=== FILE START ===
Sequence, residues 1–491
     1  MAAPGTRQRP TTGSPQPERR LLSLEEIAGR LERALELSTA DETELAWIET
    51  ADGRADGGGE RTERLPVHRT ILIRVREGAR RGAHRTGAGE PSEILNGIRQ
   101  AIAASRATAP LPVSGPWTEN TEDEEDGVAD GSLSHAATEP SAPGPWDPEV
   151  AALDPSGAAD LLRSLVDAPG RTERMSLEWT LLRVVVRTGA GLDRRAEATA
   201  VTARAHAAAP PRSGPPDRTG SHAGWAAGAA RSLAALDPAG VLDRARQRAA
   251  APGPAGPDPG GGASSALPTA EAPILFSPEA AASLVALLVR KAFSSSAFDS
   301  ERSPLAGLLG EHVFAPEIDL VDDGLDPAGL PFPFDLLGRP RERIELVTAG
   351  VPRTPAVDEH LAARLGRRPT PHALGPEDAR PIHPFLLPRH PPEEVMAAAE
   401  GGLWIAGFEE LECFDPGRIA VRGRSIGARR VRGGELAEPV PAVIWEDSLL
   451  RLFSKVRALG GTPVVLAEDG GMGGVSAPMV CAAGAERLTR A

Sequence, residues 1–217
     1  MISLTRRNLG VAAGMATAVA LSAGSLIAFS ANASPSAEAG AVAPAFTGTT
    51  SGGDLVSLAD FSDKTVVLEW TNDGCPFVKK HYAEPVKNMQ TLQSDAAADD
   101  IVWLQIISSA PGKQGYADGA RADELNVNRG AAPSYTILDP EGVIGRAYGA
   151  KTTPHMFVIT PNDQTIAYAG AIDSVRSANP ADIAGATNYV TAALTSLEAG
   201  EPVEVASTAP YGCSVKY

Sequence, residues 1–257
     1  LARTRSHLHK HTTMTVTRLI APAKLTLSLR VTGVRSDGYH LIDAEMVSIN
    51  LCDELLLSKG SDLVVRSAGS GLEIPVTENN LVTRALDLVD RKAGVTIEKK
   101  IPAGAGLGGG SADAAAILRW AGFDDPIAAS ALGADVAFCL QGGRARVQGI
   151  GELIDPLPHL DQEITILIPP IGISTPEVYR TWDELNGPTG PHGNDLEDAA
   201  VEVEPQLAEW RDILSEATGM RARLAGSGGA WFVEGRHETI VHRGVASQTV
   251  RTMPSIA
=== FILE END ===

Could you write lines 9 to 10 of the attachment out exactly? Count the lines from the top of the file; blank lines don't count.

   351  VPRTPAVDEH LAARLGRRPT PHALGPEDAR PIHPFLLPRH PPEEVMAAAE
   401  GGLWIAGFEE LECFDPGRIA VRGRSIGARR VRGGELAEPV PAVIWEDSLL